The effects of insulin upon the metabolism of glucose by single rat anterior pituitary glands in vitro have been compared with the effects of raising the concentration of glucose in the suspending medium. The pattern of stimulation with insulin differed from that induced by increasing glucose. Insulin enhanced glucose oxidation, glycogenesis and lipogenesis out of proportion to the increase in glucose uptake.

The anterior pituitary exhibited relative insensitivity to insulin in vitro compared to muscle and adipose tissue. Stimulation of glucose metabolism was detectable at 1,000 uU. insulin per milliliter medium, and maximum stimulation occurred between 0.1 and 1.0 U. per milliliter. Insulin sensitivity was not altered by fasting. The effect of insulin was attenuated upon substituting phosphate for bicarbonate as buffer in the incubation medium.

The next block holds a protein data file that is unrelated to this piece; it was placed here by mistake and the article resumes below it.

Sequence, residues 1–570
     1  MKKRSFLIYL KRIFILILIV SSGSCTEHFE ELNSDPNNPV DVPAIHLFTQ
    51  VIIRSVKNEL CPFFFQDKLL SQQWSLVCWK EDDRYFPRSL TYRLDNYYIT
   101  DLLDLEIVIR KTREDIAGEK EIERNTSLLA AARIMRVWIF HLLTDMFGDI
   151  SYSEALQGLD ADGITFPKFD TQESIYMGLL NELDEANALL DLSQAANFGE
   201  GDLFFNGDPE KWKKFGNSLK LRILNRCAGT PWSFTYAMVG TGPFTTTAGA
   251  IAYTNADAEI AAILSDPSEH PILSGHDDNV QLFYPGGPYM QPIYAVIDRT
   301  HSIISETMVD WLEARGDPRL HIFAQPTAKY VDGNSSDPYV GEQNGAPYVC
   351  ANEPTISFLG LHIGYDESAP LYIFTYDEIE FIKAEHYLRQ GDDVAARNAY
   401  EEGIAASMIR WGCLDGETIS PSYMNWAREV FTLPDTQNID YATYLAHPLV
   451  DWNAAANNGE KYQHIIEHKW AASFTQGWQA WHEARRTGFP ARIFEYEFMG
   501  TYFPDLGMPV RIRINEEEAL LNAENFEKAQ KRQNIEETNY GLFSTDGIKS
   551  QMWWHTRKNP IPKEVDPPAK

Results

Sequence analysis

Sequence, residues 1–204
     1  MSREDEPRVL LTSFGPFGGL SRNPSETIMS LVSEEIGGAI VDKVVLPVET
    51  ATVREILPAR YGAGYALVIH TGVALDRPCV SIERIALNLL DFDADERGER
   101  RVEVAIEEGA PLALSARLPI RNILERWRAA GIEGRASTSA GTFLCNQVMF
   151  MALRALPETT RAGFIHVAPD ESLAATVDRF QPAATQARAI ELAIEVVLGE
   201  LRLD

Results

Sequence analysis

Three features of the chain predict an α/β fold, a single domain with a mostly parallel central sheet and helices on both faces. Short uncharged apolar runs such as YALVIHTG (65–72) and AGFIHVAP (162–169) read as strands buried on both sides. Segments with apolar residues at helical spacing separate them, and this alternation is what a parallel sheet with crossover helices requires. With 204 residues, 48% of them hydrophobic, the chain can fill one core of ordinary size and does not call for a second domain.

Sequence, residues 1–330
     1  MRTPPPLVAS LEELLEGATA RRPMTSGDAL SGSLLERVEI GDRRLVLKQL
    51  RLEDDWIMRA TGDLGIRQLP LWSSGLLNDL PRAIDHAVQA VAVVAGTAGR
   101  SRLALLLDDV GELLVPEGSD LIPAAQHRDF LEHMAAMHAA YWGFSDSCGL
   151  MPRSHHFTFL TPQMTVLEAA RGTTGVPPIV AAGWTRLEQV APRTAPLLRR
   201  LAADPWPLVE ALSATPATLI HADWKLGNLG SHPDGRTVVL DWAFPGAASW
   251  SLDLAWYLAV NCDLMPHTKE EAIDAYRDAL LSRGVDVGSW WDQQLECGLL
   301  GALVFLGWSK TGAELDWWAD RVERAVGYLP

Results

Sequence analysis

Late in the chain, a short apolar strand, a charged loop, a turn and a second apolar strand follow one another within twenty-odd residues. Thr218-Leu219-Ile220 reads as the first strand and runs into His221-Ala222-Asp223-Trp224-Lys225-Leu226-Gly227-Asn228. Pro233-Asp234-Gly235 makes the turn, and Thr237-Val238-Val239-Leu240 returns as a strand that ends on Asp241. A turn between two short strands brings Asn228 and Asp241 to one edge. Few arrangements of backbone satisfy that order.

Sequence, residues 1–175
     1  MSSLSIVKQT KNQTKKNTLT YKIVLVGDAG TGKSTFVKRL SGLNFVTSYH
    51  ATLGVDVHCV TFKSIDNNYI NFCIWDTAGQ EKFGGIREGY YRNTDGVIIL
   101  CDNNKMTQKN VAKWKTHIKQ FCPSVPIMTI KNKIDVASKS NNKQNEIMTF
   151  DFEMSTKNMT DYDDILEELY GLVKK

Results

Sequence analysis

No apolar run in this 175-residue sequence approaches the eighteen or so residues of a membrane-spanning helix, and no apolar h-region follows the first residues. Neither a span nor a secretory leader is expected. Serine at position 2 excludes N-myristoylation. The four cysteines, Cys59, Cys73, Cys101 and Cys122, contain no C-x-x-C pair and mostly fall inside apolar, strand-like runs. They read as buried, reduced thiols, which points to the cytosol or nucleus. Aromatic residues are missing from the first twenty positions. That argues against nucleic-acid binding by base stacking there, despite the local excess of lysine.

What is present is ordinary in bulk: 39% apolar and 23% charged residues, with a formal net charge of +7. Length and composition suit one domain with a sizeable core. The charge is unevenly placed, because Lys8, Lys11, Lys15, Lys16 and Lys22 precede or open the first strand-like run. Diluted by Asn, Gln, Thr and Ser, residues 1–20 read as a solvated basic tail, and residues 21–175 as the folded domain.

The incorporation of glycine C-14 into tissue protein was stimulated by insulin and this effect was undiminished in the absence of glucose in the medium. The incorporation of C-14-alpha-amino-isobutyric acid from the medium into the anterior pituitary was greater than that reported for rat diaphragm and was not affected by insulin.

The data indicate that insulin could potentially affect hormonogenesis in anterior pituitary through stimulation of protein synthesis. The cell types responsive to insulin and the physiologic consequences of insulin activity upon the anterior pituitary remain to be established.

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